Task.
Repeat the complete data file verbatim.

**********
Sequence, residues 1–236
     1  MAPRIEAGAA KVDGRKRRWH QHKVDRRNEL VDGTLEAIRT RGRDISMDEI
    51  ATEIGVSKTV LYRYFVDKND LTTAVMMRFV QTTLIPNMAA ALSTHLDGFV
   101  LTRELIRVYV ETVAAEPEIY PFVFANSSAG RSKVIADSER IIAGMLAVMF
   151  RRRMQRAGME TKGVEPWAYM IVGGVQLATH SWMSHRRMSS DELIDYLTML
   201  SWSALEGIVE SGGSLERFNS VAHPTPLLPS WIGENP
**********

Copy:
Sequence, residues 1–236
     1  MAPRIEAGAA KVDGRKRRWH QHKVDRRNEL VDGTLEAIRT RGRDISMDEI
    51  ATEIGVSKTV LYRYFVDKND LTTAVMMRFV QTTLIPNMAA ALSTHLDGFV
   101  LTRELIRVYV ETVAAEPEIY PFVFANSSAG RSKVIADSER IIAGMLAVMF
   151  RRRMQRAGME TKGVEPWAYM IVGGVQLATH SWMSHRRMSS DELIDYLTML
   201  SWSALEGIVE SGGSLERFNS VAHPTPLLPS WIGENP